Posted by: Marie | January 29, 2011

(503) Serpentines and alarm clocks

Post #503

Stories from the Bus Barn

So, dear blog buddies . . . because I haven’t been willing to disclose that I’ve been driving a school bus until now, I haven’t been able to share that part of my life with you. But, I can now. (Yippee!)

Working as a school bus driver has been an experience! I got hired on at the bus barn in September of 2008. We had to go through several weeks of training in order to get the CDL endorsement for driving school bus on our drivers license. Each day, we would arrive between 6:00 and 6:30am to ride along on the morning bus routes. Then, we would spend the day in training until it was time for the afternoon routes.

Five of us were hired together – two former long-haul truckers, one former school bus driver, one local policeman who is currently also the police academy’s driving instructor . . . and me. Even though I have had plenty of experience driving tractors, combines, grain trucks, school buses, ambulances and fire trucks, I didn’t have the formal, documented experience the other four had. When they hired me, they indicated they were concerned that I might not be able to pick up the needed skills quickly enough in the short training cycle the budget allowed. I assured them I could – so the “heat was on” to prove that I could hang with the rest.

One day, as part of our training, we had to drive in reverse for about ½ mile (0.8 km) on an S-shaped stretch of country road using only our mirrors. Now, for you “city folk”, let me point out that it is a really bad thing to get a heavy bus (or any vehicle) too close to the edge of a dirt road – the edge collapses and you slide off or roll over into the ditch. So, we were all very nervous about this exercise – including the trainer.

The first two drivers-in-training did just fine. Then, it was my turn. Right off the bat, I discovered the right flat side-mirror did not tilt down far enough for me to see the road behind me. Now, I am only 5’3″ tall (160cm), so I’m doing good to see over the dashboard, LOL! The mirror’s angle only allowed me to see the stuff well above the ground (like barn roofs and trees).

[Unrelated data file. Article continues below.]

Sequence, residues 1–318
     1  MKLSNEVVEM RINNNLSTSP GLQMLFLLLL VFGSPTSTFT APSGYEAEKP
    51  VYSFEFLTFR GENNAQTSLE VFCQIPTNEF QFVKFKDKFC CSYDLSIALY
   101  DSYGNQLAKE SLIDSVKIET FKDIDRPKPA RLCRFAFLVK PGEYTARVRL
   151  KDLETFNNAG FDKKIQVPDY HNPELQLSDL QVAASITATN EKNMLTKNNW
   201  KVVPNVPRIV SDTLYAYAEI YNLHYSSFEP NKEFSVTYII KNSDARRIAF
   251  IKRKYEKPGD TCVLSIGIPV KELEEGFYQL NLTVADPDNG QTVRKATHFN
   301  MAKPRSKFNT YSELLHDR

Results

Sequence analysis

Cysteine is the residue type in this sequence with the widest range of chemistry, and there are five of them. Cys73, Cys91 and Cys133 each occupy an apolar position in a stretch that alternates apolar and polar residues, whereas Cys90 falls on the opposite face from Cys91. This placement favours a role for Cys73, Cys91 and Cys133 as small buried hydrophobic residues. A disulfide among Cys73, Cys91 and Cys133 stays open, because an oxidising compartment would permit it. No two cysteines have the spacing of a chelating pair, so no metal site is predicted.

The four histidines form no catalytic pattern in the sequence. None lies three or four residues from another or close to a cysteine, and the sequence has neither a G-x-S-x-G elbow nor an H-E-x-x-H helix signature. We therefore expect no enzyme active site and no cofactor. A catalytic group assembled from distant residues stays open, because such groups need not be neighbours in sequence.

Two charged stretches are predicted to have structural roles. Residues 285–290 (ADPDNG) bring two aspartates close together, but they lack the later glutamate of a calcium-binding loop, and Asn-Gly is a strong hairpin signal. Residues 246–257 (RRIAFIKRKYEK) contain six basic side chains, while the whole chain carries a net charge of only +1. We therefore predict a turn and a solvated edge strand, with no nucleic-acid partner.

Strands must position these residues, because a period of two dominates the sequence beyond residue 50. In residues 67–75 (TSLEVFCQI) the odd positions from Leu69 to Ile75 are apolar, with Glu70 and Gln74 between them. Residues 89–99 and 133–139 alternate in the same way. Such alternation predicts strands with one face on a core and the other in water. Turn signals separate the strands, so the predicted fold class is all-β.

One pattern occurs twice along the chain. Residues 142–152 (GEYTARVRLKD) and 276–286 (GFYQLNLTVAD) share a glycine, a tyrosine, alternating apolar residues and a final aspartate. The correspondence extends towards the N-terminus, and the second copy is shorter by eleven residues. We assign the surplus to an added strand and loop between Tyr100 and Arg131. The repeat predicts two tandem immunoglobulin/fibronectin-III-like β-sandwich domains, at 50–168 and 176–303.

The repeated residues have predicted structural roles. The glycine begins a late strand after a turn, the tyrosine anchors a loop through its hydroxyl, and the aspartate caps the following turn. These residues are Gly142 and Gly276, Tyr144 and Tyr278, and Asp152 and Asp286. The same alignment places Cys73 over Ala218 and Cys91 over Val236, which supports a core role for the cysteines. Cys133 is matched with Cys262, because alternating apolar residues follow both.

The left flat side-mirror did tilt far enough, so I could see well on the left side. And, I could see the road on the right side through the convex side-mirror (the bubble-shaped mirror). However, the problem with convex mirrors is they distort straight lines so they look curved and they make things look farther away than they really are. Can you see the problem with using a convex mirror to back down a serpentine path? Yeah . . . not good. Oh, and rear view mirror on buses aren’t any good for backing – they are only good for watching what the kids inside the bus are doing.

When I mentioned this mirror issue to the trainer, she said, “Tough – this is real life – figure it out!”

Well, to make a long story short – my turn to the left was beautiful – and my turn to the right was anything but graceful. But, I didn’t go in the ditch. Part of my success is due to the frantic yelling coming from the trainer standing in the back of the bus. Oh well – all is well that ends well. I figure if I run into that real life situation again, I’ll just post one of the older kids in the back of the bus so he or she can do the frantic yelling thing for me.

Anyway . . . our training schedule was pretty intense. I wasn’t used to going to bed that early or getting up that early. And, I was having trouble getting used to the new time schedule. But, I didn’t complain . . . I really wanted to prove to my boss that he had made a good choice in hiring me.

One morning, about two weeks into the training, I woke up to sunshine and birds chirping. You may not be aware of this, but school bus routes start well before the birds start chirping. If a school-bus-driver-in-training wakes up to sunshine and bird chirps, it had better be Sunday morning.

So, of course, my first thought that fine morning was, “Please, let it be Sunday!” But, no, it was Tuesday. I guess I forgot to turn on my alarm.

I sheepishly called my boss to beg for forgiveness, to convince him of my horror and to convince him I was not a flake – and to swear it would never happen again. I’m just glad he has a soft heart . . . he didn’t give me too much grief. But, he did impress upon me how important it is that we show up everyday. “I know, I know . . . I promise this is not my usual modus operandi . . . I swear!”

That day, I acquired a second alarm clock . . . and I asked my roommates to check on me if they noticed I wasn’t up and moving at my usual time (they get up very early).

I had a number of nightmares in the weeks following in which the scenario was repeated. I’m just glad they were only nightmares and not real life! Whew! I’m happy to report that I never pulled that stunt again!

Oh . . . and . . . just for the record . . . I was the first of the five trainees to obtain my CDL endorsement and start driving as a sub driver! Hah!


Responses

  1. Getting up that early would be a VERY big stretch for me. Did you find that you adjusted to it?

    • Hey, Evan –

      It seems my body doesn’t have a set time it prefers to get up . . . as long as I get enough sleep, I can get up whenever. In fact, I have never had very regular sleep patterns so I’m often inclined to be awake or asleep at very odd times.

      So . . . nope, I don’t care, either way!

      – Marie


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